A slice of Yoga
Although women seem to have cornered the market so far on yoga here in the West, that’s far from the case in India, its birthplace. Krishnamacharya, one of the fathers of what we consider “modern yoga,” developed his physically demanding poses at a school for boys, and many of the moves incorporated into today’s yoga sequences remain elusive for women, because they lack the upper-body strength to fully attain them.
There are currently many different forms of yoga, all of which have gained varying levels of popularity in the West. One of the most widely practiced is a form of vigorous Vinyasa or “flow” yoga, which has also been called “power” yoga. The Bikram, or “hot” method, utilizes a heated room to up the sweat factor and increase flexibility in muscles, while Hatha and Iyengar emphasize perfecting body alignment, symmetry, and form. Ashtanga yoga is a set series, akin to a martial art form. Yin Yoga is the practice of staying in certain poses for a length of time in an effort to stretch and loosen exceptionally tight muscles.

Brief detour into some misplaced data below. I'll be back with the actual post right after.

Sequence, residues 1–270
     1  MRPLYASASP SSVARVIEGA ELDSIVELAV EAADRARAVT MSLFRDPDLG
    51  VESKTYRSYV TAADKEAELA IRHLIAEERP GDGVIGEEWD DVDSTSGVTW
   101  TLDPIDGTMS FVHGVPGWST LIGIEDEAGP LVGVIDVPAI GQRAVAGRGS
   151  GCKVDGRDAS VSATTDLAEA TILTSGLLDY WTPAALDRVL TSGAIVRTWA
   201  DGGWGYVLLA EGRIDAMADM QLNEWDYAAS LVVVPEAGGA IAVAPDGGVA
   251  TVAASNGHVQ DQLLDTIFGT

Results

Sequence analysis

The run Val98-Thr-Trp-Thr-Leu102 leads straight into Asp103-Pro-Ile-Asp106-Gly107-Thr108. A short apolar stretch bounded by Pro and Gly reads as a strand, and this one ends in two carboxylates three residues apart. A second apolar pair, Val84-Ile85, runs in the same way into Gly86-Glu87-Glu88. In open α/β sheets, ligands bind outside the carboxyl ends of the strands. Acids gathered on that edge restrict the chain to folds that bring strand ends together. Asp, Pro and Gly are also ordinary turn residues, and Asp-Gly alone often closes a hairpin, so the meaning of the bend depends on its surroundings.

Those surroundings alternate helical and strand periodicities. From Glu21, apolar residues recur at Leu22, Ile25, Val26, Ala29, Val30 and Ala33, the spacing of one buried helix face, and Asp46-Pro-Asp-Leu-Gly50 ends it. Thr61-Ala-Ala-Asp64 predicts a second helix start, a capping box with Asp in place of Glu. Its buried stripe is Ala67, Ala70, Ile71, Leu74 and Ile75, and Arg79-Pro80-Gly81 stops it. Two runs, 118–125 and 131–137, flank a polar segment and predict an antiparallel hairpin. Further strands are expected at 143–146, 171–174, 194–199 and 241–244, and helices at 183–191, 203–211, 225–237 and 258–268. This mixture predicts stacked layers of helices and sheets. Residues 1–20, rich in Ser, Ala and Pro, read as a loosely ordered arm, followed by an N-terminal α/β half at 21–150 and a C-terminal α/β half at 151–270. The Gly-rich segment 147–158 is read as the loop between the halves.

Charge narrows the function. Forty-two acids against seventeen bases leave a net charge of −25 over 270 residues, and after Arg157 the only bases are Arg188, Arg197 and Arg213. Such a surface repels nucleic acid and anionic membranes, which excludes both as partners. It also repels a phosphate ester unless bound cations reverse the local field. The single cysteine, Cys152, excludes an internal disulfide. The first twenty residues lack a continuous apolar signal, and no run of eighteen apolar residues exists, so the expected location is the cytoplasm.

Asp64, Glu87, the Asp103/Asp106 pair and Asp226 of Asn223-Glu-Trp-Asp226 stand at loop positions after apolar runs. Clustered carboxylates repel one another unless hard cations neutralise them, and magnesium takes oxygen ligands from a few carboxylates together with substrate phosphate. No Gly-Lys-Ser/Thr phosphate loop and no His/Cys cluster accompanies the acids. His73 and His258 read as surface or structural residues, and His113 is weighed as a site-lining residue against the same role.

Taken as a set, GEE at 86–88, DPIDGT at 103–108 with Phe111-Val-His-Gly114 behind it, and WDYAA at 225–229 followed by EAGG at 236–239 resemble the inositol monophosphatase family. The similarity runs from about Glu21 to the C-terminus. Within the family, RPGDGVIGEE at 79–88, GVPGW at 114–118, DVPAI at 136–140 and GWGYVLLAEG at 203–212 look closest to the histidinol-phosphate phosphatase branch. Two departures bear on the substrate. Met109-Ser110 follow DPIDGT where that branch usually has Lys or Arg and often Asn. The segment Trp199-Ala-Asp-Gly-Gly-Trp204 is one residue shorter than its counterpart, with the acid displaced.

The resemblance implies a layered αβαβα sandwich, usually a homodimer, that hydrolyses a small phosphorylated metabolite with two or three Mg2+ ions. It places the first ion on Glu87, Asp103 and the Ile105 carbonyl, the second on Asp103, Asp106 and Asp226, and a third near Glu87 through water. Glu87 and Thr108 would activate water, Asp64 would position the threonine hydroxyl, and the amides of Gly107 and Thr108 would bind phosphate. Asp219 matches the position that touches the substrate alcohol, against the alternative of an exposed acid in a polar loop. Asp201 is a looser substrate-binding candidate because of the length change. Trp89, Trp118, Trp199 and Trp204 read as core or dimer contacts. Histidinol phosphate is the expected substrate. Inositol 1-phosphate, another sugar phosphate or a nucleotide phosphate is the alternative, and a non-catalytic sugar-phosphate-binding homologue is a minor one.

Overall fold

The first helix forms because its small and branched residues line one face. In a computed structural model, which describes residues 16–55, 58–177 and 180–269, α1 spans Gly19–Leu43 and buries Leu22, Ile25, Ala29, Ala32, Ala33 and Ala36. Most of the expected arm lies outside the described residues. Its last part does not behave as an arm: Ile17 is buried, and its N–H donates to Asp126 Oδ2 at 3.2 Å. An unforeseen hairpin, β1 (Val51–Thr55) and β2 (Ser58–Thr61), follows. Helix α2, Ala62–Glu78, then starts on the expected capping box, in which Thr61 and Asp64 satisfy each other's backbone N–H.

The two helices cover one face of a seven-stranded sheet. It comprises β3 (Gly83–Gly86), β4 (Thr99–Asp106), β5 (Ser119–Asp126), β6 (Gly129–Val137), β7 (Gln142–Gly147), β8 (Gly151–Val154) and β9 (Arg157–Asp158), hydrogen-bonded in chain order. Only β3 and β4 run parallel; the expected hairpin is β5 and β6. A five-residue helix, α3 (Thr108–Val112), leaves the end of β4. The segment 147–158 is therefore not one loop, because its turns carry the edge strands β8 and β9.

So Why do more men not show up to the studio?
Time to address and debunk the questions and issues holding you back from class:
Yoga is for women
Most lineages of yoga were started by men, and practiced only by men. Yoga sequences are designed to strengthen and open every single muscle in the body efficiently and effectively. That means that while machines at the gym target only one muscle without also improving it’s mobility, every yoga move does both and to more than one muscle at a time. Think of downward dog, for example: while the calves are being elongated, the shoulders are building strength, holding the body up. The lower back is also getting a stretch, alleviating day-to-day tension, while the core can be activated by pulling the bellybutton to the spine. One move, many benefits. Can your shoulder press machine do that??